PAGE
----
(what i e-mailed everyone…for future reference)
Dear friends and family,
I can hardly believe that I’m already writing my final update to you after a whirlwind 7 weeks on the Trek! I was so encouraged to come home and read so many wonderful and thoughtful emails from you, especially in response to my sickness overseas. Your prayers and support have made this experience both possible and unforgettable.
So, I’m sure you’re wondering, exactly what did I do in Bangkok? And what did God teach me from my time there?
To start, I worked with a ministry called the Ruth Center that provides support and community for the elderly across ten slums on the outskirts of Bangkok.
- Watch a video describing the ministry http://www.youtube.com/watch?v=neIfUuHSB_E
- Ruth Center website: http://www.projlife.com/ruthcenter/
The Ruth Center was founded in 2008 by one woman, P’Noi, a courageous Christian woman who truly demonstrated to me what it means to obey the Lord no matter what. She faced loads of initial financial worries, doubts from friends and family, and spiritual warfare in a community possessed by idol worship. Today the Center ministers to hundreds of needy elderly in neighboring communities, giving out bags of rice or toiletries, repairing homes, visiting and praying daily, and hosting various missionary groups from around the world. I saw firsthand how integrated the Ruth Center was in the communities. Everybody recognized P’Noi and knew where the Center was. It is truly a light in the darkness of an overwhelmingly Buddhist country with only 0.5% Christians.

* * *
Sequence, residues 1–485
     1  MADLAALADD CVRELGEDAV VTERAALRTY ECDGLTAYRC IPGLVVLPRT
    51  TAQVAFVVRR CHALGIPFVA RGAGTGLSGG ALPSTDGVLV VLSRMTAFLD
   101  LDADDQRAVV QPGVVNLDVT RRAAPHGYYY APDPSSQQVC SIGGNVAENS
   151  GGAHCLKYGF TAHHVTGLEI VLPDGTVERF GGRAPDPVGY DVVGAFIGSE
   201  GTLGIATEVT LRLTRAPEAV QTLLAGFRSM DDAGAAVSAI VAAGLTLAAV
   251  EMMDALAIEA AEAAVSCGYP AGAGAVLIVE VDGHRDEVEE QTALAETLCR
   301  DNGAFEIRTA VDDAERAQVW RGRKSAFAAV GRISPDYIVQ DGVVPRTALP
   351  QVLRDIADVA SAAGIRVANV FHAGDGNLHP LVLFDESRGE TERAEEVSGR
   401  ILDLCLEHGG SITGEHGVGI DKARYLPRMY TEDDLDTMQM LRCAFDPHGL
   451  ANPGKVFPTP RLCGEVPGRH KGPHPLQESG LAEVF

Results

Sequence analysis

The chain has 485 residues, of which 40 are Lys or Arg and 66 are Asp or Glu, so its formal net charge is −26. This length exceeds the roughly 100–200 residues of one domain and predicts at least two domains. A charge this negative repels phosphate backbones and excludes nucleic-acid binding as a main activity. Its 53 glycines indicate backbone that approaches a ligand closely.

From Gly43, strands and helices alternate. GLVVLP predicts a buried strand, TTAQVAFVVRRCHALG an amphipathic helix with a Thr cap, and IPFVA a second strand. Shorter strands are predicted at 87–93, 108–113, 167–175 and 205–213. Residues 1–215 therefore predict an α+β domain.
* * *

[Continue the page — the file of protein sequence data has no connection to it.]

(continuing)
our team, host grandmas, host friends, and ruth center staff
- See some more beautiful pictures of elders we met here
I lived for four weeks with a grandma, Kuhn Yaay (Grandma) Pensri, in the community of Bua Luong. She is 63, short, sweet and sassy. She lives alone, without much support from her daughter; she suffers from diabetes and poor vision, but she is very self-sufficient. She cooked us meals every day and denied my requests to help clean or cook.
We lived on the outskirts of Bangkok without many people or cars. It wasn’t exactly rural – we lived near a university and a busy marketplace – but our community itself, of about 100 families, was quiet, dusty, and close-knit. The homes are wooden with corrugated tin roofs and standing on poles above pitch-black water filled with trash. The streets are lined with trash as well. Living conditions were simple, but comfortable; we had electricity, water, a TV, fans. It took a couple weeks to get adjusted to, but by the end of the trip I was very sad to say goodbye to our small but cozy home…
Some challenges to living cross-culturally were: the language barrier (I picked up a lot of Thai in 4 weeks living with a host, though), adjusting to more difficult living conditions, and learning various customs of Thai cultures (not pointing your feet, greeting others with a ‘wai’, etc).